July 9, 2020

Take a Hike on Old Lyme’s Newest Open Space, the McCulloch Family Property

OLD LYME — (taken from a press release issued by the Old Lyme Open Space Commission) The Old Lyme Open Space Commission welcomes you to the “officially open” McCulloch Family Open Space on National Trails Day, June 6.

The newest town open space property has three trails, all with well-marked entrances.

“Tree in the Gap” trail:  This trail is accessed from Whippoorwill Rd., but note the trail begins in a temporary earthen parking area.  The Commission advises walkers to be cautious entering and exiting the area, particularly after a rain, when tires may slip.  When the town receives approval, a gravel parking lot will be constructed.

Yellow trail: This trail is accessed off Whippoorwill Rd.  A parking area is adjacent to the trail.  Both the McCulloch Family Open Space and the Deborah and Edward Ames Open Space, across the road, share parking in this area. It is important to note the parking area is adjacent to private property, which the owner has graciously allowed the town to use, so the Commission urges people using the parking area to respect property boundaries.  

Red trail: A third trail begins from Flat Rock Hill Rd. Parking is permitted on the road cul-de-sac.  Again, the Commission requests that walkers should respect homeowners’ property as the trail briefly runs alongside a private driveway.

Rook’s Meadow & Jimmy’s Pond

A beautiful meadow overlooking a peaceful pond is a short walk from the “Tree in the Gap” trailhead.  A hand-hewn bench is in the meadow (with additional facilities to be added later).  The Commission suggests this is a wonderful spot for quiet contemplation, plein air painting, reading a book or just taking a relaxing lunch break.  

Jean Vasiloff, in a past interview, said, “This was really my mother’s land,” and the Open Space Commission chose to honor (Vasiloff’s mother) Rook, and her husband Warren McCulloch, with its naming. Jim Mildrum, a life-long property resident and now one of its land stewards, was similarly honored for the pond he created alongside the meadow.

Lay Preserve: The McCulloch Family Open Space is connected seamlessly with the Old Lyme Land Trust’s Lay Preserve offering an option of longer hikes.  

A map of the McCulloch Family Open Space is now available on the town website. The Commission is pleased to offer a new option for walkers and hikers in the form of downloadable maps accessible via your smartphone with a QR code found on the trail kiosks at each entrance.  Paper maps can still be printed from the website.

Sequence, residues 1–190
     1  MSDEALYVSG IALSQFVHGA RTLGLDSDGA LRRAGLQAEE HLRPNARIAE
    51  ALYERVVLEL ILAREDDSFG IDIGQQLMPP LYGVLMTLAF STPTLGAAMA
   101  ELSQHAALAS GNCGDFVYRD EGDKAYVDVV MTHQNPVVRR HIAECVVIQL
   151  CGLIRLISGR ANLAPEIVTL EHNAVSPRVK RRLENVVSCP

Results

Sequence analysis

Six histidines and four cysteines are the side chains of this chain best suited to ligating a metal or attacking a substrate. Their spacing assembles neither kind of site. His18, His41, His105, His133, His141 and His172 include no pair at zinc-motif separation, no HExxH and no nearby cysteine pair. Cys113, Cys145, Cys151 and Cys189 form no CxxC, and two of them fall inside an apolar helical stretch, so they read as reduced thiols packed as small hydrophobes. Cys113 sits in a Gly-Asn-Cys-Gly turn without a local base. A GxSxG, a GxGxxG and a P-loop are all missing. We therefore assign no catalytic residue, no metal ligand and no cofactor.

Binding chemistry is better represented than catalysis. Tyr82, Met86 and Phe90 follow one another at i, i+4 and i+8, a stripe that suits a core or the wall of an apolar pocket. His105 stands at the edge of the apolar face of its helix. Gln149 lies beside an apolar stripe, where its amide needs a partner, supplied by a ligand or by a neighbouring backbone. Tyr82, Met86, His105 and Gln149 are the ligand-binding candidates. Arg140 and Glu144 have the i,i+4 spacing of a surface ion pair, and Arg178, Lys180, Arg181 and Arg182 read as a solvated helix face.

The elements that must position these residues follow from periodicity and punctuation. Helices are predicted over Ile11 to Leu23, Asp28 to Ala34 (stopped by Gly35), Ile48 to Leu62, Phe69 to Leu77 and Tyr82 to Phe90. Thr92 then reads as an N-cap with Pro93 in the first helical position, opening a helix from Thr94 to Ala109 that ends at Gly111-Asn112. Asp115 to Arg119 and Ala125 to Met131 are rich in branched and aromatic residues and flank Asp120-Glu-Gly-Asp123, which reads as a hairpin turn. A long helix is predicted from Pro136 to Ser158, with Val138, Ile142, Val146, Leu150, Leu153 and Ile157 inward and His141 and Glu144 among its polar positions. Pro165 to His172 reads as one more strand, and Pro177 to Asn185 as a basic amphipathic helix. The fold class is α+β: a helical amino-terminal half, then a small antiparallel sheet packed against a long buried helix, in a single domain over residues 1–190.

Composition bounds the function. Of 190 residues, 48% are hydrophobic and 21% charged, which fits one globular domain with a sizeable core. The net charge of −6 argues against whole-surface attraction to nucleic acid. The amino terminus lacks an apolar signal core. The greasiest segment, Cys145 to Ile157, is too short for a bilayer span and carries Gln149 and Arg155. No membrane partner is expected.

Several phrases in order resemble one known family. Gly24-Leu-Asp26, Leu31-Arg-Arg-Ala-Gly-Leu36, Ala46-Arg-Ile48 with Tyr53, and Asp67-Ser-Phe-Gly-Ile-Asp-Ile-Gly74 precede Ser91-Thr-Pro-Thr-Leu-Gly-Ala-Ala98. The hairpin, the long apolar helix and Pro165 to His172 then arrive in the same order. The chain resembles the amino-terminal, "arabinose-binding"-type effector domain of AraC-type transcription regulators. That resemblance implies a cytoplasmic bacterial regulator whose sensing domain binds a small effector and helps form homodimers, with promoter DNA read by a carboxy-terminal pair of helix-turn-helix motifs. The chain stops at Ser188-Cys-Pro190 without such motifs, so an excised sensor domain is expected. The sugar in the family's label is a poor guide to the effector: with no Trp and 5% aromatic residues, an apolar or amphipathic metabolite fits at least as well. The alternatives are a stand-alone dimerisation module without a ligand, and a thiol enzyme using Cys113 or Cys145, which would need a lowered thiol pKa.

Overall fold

Point your smartphone’s camera at the QR code and you will see a drop-down section or link to the “hiking” section within the Old Lyme Open Space website.  Access the map and open it on your device.

Since the town closed on its McCulloch property purchase last September, volunteers have devoted hundreds of hours toward this opening.

In the fall, the beautiful property was simply not ready for visitors — there were no trails. Old farm fencing criss-crossed the property and the existing conservation easement did not allow for parking.

The Open Space Commission worked with the Old Lyme Land Trust to blaze and map its new trails.  It partnered with the Connecticut Hiking Alliance to pull fencing. 

Students from Lyme-Old Lyme High School, with safe social distancing, helped to groom trails this spring.

Legal work proceeded to modify The Nature Conservancy (TNC) easement to allow construction of permanent off-road parking. 

At present, TNC and the State Attorney General have approved an easement modification, but a last legal step of judicial approval was halted when state courts closed due to COVID-19 restrictions.

Over this time, trail markers have been posted, kiosks and gates constructed, and signs purchased and mounted, all to make the open space experience as safe and pleasant as possible.

Warren and Rook McCulloch, with their children, moved to Old Lyme in the late 1920’s, and purchased about 450 forested acres on the cusp of the Great Depression.  

Over the years and generations, the McCulloch property served many purposes – a summer camp for city children, a working farm attracting kids who came to work and stayed, and a breeding farm for Morgan horses. 

Warren and Rook’s children, Dave McCulloch, Jean Vasiloff and Taffy Holland, so loved the property they gave The Nature Conservancy a conservation easement to “protect and preserve” the property in perpetuity.

Now it is the town of Old Lyme’s turn to safeguard this lovely land.

The Open Space Commission asks only that hikers and visitors respect the property and leave trails in the condition you find them (or better).  There are no trash bins, so take out all your waste, including that of dogs.

Per safety guidelines, maintain a social distance of six feet and, if that is not possible, wear a face covering.

The Commission notes National Trails Day is the perfect opportunity to, “Take a Hike,” and enjoy the truly special McCulloch Family Open Space.

Here at LymeLine.com, we say kudos and congratulations to everyone involved in this wonderful project which will benefit the town for generations.

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